Geography made the territory of the Germanic tribes attractive to the Romans as a potential province to add to the already powerful strategic value made the Romans eager to gain acquisition (приобретение) of this territory. The main resources that Germany had to offer came in the form of metals, more specifically, iron. Their iron was of such quality and was acquired in such abundance that it was exported to Rome for use in most everything that was created from iron.

The Germanic agricultural system was vital to the economy in Germany. Most of Germans were farmers but a large potion of the population was herders. The Germans were agriculturists from the beginning of their existence. The main crops that they raised were cereal grains such as wheat, barley, oats and rye. Around the North sea area there was an emphasis on cattle raising.

The tribes that eventually settled in the Germanic area were tribes that had for the most part been migrating throughout Europe for many years.

Runic Alphabet

The word “rune” is translated as “secret” The most important sources about runic history are ancient texts of Scandinavian pagan religion – Old Edda and Lesser Edda. German runic writing was the letter system of peculiar look, accounted by the writing technique on bone, wood and metal.

Nowadays we have the main runic alphabet, consisting of 24 signs, may be more, but another ones are regarded as variants or combined runes. The whole system is divided into 2 parts –futharks: Old futhark and Late futhark

24 signs traditionally gradate into 3 groups of 8 symbols called atts.

There were two main theories:

1) Runic writing appeared on the basis of Latin alphabet

2) Cradles (истоки) of these signs are in Transalpine and North Italian scripts. Scientists have a lot of historical facts, approving the Etruscan merchants (купечество) used this system. Probably they brought it to the North (6th BC). The top of development and complete formation of Runic alphabet system was in 1-2c AD.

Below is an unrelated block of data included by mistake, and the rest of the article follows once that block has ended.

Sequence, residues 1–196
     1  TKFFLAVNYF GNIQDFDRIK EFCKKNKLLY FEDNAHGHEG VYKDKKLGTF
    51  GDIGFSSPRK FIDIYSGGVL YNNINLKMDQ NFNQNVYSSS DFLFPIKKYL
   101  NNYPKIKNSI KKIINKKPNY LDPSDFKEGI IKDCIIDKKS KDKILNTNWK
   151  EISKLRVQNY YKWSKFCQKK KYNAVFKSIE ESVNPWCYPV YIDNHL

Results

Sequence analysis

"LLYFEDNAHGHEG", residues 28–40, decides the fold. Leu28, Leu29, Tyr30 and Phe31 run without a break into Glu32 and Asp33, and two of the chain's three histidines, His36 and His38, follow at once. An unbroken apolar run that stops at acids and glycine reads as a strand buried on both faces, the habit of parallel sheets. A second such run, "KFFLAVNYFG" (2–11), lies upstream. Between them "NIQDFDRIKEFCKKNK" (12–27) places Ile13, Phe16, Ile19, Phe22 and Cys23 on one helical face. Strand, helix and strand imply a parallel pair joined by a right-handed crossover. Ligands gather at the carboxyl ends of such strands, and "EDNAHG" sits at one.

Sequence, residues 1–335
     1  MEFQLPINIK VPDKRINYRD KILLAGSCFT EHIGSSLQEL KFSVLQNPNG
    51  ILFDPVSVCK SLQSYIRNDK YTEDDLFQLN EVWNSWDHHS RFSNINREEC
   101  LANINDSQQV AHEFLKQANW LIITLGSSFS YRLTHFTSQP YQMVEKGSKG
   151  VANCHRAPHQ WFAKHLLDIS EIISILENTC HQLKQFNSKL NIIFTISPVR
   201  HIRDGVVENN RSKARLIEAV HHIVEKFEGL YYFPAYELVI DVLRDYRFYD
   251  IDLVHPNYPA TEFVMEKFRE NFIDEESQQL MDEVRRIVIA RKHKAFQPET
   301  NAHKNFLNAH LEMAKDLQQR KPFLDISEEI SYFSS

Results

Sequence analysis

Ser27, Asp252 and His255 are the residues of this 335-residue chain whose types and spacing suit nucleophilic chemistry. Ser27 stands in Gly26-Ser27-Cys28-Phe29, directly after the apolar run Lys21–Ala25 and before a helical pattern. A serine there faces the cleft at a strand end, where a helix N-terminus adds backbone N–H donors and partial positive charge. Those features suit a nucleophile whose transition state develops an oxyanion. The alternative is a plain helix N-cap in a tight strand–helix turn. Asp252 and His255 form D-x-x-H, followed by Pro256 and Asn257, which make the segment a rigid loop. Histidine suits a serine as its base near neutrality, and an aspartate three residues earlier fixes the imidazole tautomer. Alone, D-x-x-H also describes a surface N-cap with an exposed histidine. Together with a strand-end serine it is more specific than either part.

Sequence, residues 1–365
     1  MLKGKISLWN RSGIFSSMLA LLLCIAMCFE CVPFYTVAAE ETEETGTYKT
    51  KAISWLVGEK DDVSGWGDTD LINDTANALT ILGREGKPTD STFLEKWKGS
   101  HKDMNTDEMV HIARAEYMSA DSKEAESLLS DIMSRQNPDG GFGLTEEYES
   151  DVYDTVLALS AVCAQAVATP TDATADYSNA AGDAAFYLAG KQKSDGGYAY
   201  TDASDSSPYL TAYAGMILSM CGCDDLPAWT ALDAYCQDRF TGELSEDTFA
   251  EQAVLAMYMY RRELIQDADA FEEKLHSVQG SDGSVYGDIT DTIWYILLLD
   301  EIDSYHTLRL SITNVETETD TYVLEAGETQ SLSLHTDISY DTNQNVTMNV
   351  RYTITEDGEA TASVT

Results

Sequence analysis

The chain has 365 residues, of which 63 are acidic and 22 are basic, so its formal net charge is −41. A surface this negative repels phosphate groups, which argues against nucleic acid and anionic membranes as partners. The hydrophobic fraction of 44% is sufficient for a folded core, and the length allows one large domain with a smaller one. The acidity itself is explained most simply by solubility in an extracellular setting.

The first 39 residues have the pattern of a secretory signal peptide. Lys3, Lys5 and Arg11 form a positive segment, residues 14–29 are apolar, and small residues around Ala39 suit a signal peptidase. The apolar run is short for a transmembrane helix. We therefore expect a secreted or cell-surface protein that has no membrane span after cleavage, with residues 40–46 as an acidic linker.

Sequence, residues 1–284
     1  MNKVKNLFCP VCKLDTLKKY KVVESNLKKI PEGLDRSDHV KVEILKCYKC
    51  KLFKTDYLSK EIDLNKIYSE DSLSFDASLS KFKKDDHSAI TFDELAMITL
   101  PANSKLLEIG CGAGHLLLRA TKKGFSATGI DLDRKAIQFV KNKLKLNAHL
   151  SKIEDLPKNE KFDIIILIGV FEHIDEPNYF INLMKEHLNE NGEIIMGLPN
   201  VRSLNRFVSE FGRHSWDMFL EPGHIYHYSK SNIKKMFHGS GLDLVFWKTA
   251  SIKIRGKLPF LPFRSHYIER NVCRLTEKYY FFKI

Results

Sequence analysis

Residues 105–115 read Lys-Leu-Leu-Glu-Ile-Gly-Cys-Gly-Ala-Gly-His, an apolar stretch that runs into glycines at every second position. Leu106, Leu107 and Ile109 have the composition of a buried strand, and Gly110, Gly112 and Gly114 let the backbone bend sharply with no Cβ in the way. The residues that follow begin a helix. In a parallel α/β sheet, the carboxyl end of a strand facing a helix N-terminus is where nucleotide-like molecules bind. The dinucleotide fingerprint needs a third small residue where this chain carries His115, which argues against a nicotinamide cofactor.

28 signs appeared in the middle of the 6th in Britain where German runes penetrated (проникли) in the 5th with Anglo-Saxon invasion. Frisian futhark was improved by the some additions and changes (mostly combined runes) and numbered 29 units.

In Northumberland 33 rune system existed already, with the mixture of Celtic runes.

In the middle of 7th the tendency to simplification appeared – some runes changed in inscription, some were lost. To the middle of the 10th the number of runes decreased to 16 units and late futhark formed.

The next step in development of RA took place in the middle of the 12th by adding dots to 16 sign system.

They attract attention by their unusual form – it is too difficult to regard it as ordinary symbol.

GOTHIC ALPHABET

The Gothic alphabet (4th century) was probably created by bishop Ulfilas who also translated the Bible. A peculiar alphabet based on the Greek alphabet, with some admixture of Latin and Runic letters. The Gothic alphabet should not be mixed up with the so called Gothic script which is still used in German writings and which is a modified shape of Latin script. The Gothic alphabet is a writing system used exclusively for writing the ancient Gothic language.

LATIN ALPHABET

The Latin Alphabet superseded (вытеснять) both the Runic and the Gothic alphabet in order to organize church service. First glosses (толкования) appeared to render (воспроизводить) the names into Latin. The Latin alphabet of that time had only 23 letters. Historically there were the following types of Latin writing: scriptura capitalis, scriptura uncialis, semiuncialis and minusculis.

GRIMM’S LAW

Grimm’s law (also known as the First Germanic Sound Shift) was the first systematic change ever to be discovered. It was discovered in 1822 by Jacob Grimm. It establishes a set of regular correspondences between early Germanic stops and fricatives and the stop consonants of certain in other Indo-European languages

1. IE p, t, k à Germanic f, p, x: pater-faeder

2. IE b, d, g à Germanic p, t, k: cordis-heorte, duo-twa

3. IE bh, dh, gh à b, d, g

VERNER’S LOW

Verner’s Law, discovered by Karl Verner in 1875, describes sound changes in the PG language whereby voiceless fricatives become voiced if the preceding syllable was unstressed but otherwise remained unchanged:

1. p, t, k à f, p, x, (h) à (v) b, d, g: ter – mōdor: Pater - fæder

2. s à z

RHOTASISM